The Moon in conjunction with Venus and Jupiter, with the Very Large Telescope in the foreground. Image © Y. Beletsky, ESO, 2009.

Lunar occultation of Sigma Sagittarii

Dominic Ford, Editor
From the Lunar Occultations feed

Objects: Nunki

The Moon will pass in front of Sigma Sagittarii (Nunki), creating a lunar occultation visible from countries and territories including Angola, Democratic Republic of the Congo, Cameroon and Gabon amongst others. Although the occultation will only be visible across part of the world – because the Moon is so close to the Earth that its position in the sky varies by as much as two degrees across the world – a close conjunction between the pair will be more widely visible.

Unfortunately the occultation will not be visible from Washington.

The map below shows the visibility of the occultation across the world. Separate contours show where the disappearance of Sigma Sagittarii (Nunki) is visible (shown in red), and where its reappearance is visible (shown in blue). Solid contours show where each event is likely to be visible through binoculars at a reasonable altitude in the sky. Dotted contours indicate where each event occurs above the horizon, but may not be visible due to the sky being too bright or the Moon being very close to the horizon.

Map showing where the occultation is visible

Outside the contours, the Moon will not pass in front of Sigma Sagittarii (Nunki) at any time, or is below the horizon at the time of the occultation. However, a close conjunction between the pair will be visible across much of the world.

The map can be downloaded in PNG , PDF or SVG format. A KMZ file , is also available, which can be opened in Google Earth to provide a higher resolution map.

A complete list of the countries and territories where the occultation will be visible is as follows:

Country Time span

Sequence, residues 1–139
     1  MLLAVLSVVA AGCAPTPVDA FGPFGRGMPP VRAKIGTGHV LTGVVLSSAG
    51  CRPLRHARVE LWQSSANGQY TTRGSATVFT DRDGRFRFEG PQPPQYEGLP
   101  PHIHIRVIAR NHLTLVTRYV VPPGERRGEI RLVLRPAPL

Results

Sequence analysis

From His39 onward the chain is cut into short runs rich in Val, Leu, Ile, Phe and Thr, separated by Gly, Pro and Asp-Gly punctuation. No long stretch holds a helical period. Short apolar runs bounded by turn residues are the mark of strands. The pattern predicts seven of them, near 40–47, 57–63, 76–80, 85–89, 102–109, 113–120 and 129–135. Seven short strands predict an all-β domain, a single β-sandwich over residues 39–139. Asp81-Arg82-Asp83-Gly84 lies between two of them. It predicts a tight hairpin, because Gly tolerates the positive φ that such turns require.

(UTC)
Angola 03:39–04:44
Democratic Republic of the Congo 03:39–04:40
Cameroon 03:41–04:27
Gabon 03:39–04:33
Central African Republic 03:46–04:23
Namibia 03:47–04:43
Equatorial Guinea 03:40–04:28
Republic of the Congo 03:39–04:32
Sao Tome and Principe 03:43–04:30

Lunar occultations are only ever visible from a small fraction of the Earth's surface. Since the Moon is much closer to the Earth than other celestial objects, its exact position in the sky differs depending on your exact location on Earth due to its large parallax. The position of the Moon as seen from two points on opposite sides of the Earth varies by up to two degrees, or four times the diameter of the full moon.

This means that if the Moon is aligned to pass in front of a particular object for an observer on one side of the Earth, it will appear up to two degrees away from that object on the other side of the Earth.

The position of Sigma Sagittarii (Nunki) at the moment of the occultation will be as follows:

Object Right Ascension Declination Constellation Magnitude Angular Size
Sigma Sagittarii (Nunki) 18h55m10s 26°17'S Sagittarius 2.1 0'00"

The coordinates above are given in J2000.0.

Next/previous occultations

« Previous Next »
Visible from the Contiguous United States Worldwide Worldwide Visible from the Contiguous United States
19 Aug 2021 06 Dec 2021 Occultations of Sigma Sagittarii (Nunki) 26 Feb 2022 20 Jun 2027
03 Nov 2021 31 Dec 2021 Occultations 07 Feb 2022 19 Apr 2022

The sky on 29 Jan 2022

The sky on 29 January 2022
Sunrise
07:37
Sunset
17:55
Twilight ends
19:24
Twilight begins
06:07

27-day old moon
Waning Crescent

3%

27 days old

Planets
Rise Culm. Set
Mercury 06:39 11:47 16:55
Venus 05:30 10:42 15:54
Moon 05:33 10:18 15:03
Mars 05:28 10:13 14:58
Jupiter 08:59 14:31 20:03
Saturn 07:59 13:08 18:17
All times shown in MST.

Source

The circumstances of this event were computed using the DE430 planetary ephemeris published by the Jet Propulsion Laboratory (JPL).

This event was automatically generated by searching the ephemeris for planetary alignments which are of interest to amateur astronomers, and the text above was generated based on an estimate of your location.

Image credit

The Moon in conjunction with Venus and Jupiter, with the Very Large Telescope in the foreground. Image © Y. Beletsky, ESO, 2009.

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Washington

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37.13°N
113.51°W
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